EU finds time to tell restaurants how to serve olive oil
BRUSSELS (Reuters) - Critics ridiculed European Union bureaucrats on Saturday for taking time off fighting the euro zone's debt crisis to impose strict new rules on how restaurants serve olive oil.
From January 1, 2014, eateries will be banned from serving oil to diners in small glass jugs or dipping bowls, and forced instead to use pre-sealed, non-refillable bottles that must be disposed of when empty.
The European Commission said the move is designed to improve hygiene and reassure consumers the olive oil in restaurants has not been diluted with an inferior product.
But critics say the rules are a sop to Europe's olive oil producers, and will only add to the frustration felt by many towards a bloated EU bureaucracy regarded as out of touch with the concerns of ordinary Europeans.
"If the European Union was logical and properly run, people wouldn't be so anti-Europe. But when it comes up with crazy things like this, it quite rightly calls into question their legitimacy and judgment," said Marina Yannakoudakis, a British Conservative member of the European Parliament.
The Commission said its proposal was supported by 15 out of 27 EU member governments, including the continent's main olive oil producers - Italy, Greece, Spain and Portugal - which are among the countries worst affected by the euro crisis.
"The fact that the EU is the world's major producer of olive oil - for up to 70 percent of the olive oil globally - perhaps this is even more than just a good consumer story for European citizens," commission spokesman Oliver Drewes told reporters.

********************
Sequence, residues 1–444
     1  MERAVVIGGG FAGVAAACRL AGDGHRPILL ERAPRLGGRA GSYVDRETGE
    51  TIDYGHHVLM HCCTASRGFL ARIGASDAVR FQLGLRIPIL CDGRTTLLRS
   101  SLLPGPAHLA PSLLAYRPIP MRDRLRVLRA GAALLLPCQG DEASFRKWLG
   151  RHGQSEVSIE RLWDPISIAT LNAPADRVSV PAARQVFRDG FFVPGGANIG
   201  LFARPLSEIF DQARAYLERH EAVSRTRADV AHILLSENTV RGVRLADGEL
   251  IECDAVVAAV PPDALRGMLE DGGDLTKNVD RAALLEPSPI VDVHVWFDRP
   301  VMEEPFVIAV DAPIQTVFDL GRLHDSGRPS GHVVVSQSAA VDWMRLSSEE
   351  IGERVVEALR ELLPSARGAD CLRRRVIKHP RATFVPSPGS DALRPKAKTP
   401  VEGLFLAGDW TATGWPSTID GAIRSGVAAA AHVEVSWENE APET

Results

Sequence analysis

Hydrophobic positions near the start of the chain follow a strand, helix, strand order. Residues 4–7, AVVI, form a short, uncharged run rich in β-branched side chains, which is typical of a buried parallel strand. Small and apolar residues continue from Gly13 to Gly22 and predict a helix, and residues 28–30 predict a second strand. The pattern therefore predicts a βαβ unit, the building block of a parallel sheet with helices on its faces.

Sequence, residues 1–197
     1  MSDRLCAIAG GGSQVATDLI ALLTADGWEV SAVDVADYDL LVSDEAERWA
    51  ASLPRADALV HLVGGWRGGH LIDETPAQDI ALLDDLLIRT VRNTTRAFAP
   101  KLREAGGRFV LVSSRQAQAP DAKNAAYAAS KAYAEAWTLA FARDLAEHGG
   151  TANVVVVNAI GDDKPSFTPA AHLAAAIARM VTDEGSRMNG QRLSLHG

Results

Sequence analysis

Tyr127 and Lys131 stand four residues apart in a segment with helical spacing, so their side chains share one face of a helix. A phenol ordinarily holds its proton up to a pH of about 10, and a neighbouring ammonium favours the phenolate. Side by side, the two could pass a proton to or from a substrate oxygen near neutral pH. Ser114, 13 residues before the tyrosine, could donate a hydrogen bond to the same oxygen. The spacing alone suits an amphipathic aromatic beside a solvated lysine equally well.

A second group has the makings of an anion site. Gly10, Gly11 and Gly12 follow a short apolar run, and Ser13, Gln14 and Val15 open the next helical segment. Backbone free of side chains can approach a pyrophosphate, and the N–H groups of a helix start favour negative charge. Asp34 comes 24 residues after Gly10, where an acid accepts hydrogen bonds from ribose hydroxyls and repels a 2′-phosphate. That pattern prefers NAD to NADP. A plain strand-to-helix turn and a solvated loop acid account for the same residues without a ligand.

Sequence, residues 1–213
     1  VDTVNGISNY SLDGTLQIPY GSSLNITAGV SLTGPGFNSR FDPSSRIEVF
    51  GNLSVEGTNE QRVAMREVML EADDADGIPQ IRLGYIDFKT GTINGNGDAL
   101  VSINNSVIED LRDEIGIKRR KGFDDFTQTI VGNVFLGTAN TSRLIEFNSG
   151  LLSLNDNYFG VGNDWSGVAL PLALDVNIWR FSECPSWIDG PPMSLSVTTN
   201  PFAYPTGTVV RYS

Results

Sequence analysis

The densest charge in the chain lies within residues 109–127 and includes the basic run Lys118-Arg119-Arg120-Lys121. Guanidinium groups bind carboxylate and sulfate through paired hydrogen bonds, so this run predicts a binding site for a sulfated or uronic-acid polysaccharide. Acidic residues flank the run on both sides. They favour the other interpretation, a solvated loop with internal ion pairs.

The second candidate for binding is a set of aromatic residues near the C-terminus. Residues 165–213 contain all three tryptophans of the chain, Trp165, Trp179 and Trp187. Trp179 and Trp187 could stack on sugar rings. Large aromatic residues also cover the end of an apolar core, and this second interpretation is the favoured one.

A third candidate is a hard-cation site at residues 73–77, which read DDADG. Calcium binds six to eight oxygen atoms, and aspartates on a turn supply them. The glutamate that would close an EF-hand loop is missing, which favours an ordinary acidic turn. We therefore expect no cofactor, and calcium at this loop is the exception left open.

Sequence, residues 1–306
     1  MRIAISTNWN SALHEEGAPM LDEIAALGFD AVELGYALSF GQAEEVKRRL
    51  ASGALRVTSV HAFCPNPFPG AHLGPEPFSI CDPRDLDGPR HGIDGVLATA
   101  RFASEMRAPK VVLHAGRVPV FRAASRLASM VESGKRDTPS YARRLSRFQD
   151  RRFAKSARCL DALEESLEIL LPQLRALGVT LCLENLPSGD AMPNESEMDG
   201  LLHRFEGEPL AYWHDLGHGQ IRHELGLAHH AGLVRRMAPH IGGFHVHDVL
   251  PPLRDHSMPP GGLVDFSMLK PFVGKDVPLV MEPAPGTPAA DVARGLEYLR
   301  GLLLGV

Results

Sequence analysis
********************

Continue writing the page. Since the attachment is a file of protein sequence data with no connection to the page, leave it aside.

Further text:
Yannakoudakis said the Commission's defense of the plans highlighted how out of touch their priorities were.
"The economic crisis in these countries isn't because of olive oil, it's because of the euro, and they should be concentrating on solving that problem," she told Reuters by telephone.
Germany opposed the plans in a vote by EU government officials behind closed doors, while Britain - which regularly cites perceived meddling from Brussels as the reason for its strained relationship with Europe - abstained.
German newspaper Sueddetsche Zeitung described the plan as "the weirdest decision since the legendary curvy cucumber regulation", referring to now-defunct EU rules on the shape of fruit and vegetables sold in supermarkets.
The regulations are based on rules in force in Portugal since 2005, and are part of an EU initiative to help olive oil producers hit by rising operating costs and falling profits in recent years.
But Enzo Sica, owner of Italian restaurant Creche des Artistes close to the EU quarter of Brussels, said the rules would prevent him from buying his extra virgin olive oil direct from a traditional supplier in Italy.
"They say they're thinking about consumers, but this will increase costs for us and our customers as well. In this time of crisis, surely they should be worrying about other things rather than stupid stuff like this."
(Editing by Jon Hemming)
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